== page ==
Earth and the Celestial Sphere
As you know, Earth is actually an oblate spheroid, just as with chart
projections, we consider Earth a perfect sphere for celestial observations.
Simply stated, the celestial sphere is an imaginary sphere that stretches out
to the ends of the universe. At the very center of the celestial sphere is
Earth. As you know, Earth rotates on its axis from west to east. Because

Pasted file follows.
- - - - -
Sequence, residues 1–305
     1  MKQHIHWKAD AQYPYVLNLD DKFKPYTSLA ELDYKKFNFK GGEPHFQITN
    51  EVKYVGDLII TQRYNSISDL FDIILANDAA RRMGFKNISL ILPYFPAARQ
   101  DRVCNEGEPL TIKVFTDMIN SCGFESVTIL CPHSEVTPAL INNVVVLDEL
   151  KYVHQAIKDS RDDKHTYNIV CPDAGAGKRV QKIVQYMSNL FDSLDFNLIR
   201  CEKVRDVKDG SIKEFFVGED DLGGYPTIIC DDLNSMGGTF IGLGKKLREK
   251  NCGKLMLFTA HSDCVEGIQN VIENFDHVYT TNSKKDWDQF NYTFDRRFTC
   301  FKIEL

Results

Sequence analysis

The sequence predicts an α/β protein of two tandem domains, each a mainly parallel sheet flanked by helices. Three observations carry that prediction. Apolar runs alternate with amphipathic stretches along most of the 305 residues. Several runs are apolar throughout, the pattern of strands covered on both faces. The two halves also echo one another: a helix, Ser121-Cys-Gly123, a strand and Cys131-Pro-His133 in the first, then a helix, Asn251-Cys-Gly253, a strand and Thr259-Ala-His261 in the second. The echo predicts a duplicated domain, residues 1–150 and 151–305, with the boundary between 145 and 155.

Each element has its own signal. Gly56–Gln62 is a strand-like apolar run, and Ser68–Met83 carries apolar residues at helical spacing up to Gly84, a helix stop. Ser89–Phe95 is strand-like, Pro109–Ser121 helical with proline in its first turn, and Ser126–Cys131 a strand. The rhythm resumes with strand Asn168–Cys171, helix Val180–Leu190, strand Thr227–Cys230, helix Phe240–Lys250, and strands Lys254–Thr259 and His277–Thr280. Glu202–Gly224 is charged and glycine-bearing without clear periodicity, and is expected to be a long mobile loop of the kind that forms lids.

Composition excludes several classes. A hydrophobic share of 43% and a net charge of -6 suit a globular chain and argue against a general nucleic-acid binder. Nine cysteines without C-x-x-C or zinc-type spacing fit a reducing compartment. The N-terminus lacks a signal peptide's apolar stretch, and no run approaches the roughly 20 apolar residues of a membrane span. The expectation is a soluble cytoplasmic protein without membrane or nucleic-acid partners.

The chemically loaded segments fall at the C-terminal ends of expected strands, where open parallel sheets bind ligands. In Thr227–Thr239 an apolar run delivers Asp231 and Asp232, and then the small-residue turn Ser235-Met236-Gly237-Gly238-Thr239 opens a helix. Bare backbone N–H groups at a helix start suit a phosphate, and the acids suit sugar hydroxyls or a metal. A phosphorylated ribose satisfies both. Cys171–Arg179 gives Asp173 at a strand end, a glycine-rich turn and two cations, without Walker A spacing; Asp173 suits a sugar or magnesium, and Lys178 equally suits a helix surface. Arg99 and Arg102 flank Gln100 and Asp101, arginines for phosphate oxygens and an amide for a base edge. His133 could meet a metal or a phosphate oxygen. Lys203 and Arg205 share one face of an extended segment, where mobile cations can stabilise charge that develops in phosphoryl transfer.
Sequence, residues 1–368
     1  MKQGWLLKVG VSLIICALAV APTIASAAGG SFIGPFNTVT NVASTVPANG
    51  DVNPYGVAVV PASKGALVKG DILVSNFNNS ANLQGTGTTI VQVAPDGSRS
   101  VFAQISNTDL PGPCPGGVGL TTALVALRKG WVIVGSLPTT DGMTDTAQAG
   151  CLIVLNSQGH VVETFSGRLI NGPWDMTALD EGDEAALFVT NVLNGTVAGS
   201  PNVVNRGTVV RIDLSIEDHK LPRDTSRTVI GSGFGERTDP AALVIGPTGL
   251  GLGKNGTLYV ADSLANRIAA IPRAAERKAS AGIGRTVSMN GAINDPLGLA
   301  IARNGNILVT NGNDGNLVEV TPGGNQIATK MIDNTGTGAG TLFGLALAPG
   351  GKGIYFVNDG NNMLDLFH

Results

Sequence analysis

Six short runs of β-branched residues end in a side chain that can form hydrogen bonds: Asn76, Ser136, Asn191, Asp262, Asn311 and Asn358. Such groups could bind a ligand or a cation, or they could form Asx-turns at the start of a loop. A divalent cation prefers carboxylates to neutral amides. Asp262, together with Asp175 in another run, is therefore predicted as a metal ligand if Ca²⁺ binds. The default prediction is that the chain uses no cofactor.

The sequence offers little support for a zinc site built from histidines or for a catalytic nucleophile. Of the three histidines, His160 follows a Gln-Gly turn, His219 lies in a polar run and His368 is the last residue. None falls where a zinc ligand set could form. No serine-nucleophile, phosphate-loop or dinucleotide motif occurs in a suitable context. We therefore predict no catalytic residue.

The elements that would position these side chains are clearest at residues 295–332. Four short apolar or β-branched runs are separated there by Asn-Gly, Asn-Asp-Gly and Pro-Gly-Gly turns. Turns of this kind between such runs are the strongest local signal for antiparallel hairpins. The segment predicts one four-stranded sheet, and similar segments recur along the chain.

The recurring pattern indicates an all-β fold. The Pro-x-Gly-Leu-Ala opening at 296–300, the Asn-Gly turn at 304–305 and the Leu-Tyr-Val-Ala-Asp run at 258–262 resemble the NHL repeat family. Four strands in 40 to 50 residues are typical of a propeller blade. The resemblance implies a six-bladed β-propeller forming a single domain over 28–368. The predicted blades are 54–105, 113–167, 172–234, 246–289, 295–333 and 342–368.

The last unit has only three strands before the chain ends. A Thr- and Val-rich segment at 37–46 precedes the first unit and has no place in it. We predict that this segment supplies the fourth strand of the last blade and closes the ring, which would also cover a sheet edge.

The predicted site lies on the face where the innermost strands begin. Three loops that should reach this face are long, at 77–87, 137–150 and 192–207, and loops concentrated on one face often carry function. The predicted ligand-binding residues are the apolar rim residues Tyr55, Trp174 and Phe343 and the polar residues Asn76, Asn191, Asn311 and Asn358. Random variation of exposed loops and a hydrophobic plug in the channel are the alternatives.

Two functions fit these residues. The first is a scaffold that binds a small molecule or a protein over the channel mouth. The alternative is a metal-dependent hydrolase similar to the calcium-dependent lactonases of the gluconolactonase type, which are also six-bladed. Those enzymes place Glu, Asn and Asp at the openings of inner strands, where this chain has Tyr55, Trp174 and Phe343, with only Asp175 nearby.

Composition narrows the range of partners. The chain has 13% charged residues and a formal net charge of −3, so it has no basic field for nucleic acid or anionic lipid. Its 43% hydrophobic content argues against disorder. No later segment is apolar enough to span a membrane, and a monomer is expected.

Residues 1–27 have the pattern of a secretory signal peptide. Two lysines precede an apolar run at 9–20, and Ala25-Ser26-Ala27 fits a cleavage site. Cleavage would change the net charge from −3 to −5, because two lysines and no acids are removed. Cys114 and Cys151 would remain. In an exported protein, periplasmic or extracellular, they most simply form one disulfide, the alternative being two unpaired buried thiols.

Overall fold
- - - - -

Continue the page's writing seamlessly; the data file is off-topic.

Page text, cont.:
of this rotation, celestial bodies appear to be in motion, rising in the east
then crossing over the observers meridian and going on to set in the west.
Figure 6-1. Celestial sphere revolving about Earth.
The celestial poles are located by extending Earths north and south poles
(fig. 6-1). The celestial equator (also known as the equinoctial) is
formed by extending Earths equator out onto the celestial sphere.
Meridians are formed by hour circles that are similar to great circles. The
celestial meridian is formed by extending the Greenwich meridian out
onto the celestial sphere.